1 comment so far

Back in March, I wrote about my experience reading songwriter and Freeport native Shelly Peiken‘s (“PIE-kin”) book, Confessions of a Serial Songwriter. I was hoping for an opportunity to meet her in person the next time there was a book signing in New York City or here on Long Island. Over the summer, that opportunity came to be as Shelly invited me and her fellow Facebook friends to an event on Friday night at Turn of the Corkscrew Books & Wine in Rockville Centre, not too far from the LIRR station. I proudly committed to going, as did many other friends from her youth in Freeport. That includes my mother Lisa, who grew up within walking distance of Shelly.

My original itinerary to get to Turn of the Corkscrew was similar to the previous Friday’s journey to Long Beach for the Long Beach Jazz Festival. The only difference is I would eat an early dinner at home before leaving for the Wantagh LIRR station where I would take the 5:59 train. Mom would meet up with me in RVC, as it’s colloquially known, coming from work in Freeport. That never happened because Mom decided to come home first so we could go together. We did, leaving the house at about 5:50. We arrived a half hour later. Shelly wasn’t due to speak until 7:00, but I always like to be early so I can get a prime seat.

After having a can of diet ginger ale and two chocolate chip cookies, I took these preliminary pictures:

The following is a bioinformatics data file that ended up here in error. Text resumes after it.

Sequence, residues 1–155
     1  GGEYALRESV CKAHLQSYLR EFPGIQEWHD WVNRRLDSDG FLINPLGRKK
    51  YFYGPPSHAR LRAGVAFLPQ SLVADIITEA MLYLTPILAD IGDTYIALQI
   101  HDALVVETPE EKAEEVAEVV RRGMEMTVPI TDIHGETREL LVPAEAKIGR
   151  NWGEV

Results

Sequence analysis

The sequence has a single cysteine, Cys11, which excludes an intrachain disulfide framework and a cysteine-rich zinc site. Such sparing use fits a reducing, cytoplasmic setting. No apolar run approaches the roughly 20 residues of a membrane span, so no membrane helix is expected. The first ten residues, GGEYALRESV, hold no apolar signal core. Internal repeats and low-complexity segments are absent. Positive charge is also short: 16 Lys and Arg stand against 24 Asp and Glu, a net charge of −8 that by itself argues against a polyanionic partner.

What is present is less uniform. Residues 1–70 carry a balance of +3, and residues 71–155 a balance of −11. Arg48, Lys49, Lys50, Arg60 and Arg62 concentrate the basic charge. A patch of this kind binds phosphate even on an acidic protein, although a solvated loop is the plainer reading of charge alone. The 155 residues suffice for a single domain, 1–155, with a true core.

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Shelly arrived on time, hugging my mother Lisa on the way to the podium:
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For about an hour, Shelly read excerpts from Confessions of a Serial Songwriter
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…and sang a few of her songs:
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The songs were:
Bitch” – #2 on the Billboard Hot 100 for Meredith Brooks in 1997
Almost Doesn’t Count” – #16 on the Billboard Hot 100 for Brandy in 1999; #19 on the Billboard Hot Country Songs chart for Mark Wills in 2000
Human on the Inside” – #59 in Australia for the Divinyls in 1996; #30 on the Billboard Adult Pop Songs chart for the Pretenders (as “Human”) in 1999
Who You Are” – #8 on the UK Singles chart for Jessie J in 2011

Mom loved “Almost Doesn’t Count.” “That’s very pretty,” she complimented after the last chord. “Thank you, Lisa,” Shelly cheerfully replied. Mom added, “It’s my kind of song.”

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Shelly also admitted she’s working on an audiobook version of Confessions. I can’t wait to hear it.

After Shelly’s friend Suzan Koç took a group picture of her with all of us in the first few rows, it was time for the signing portion of the night. I had my copy ready and Mom bought a copy, too.

She wrote the following in my copy:

Mike –
I love that you came
Nice to meet you in person
Shelly

I couldn’t agree more.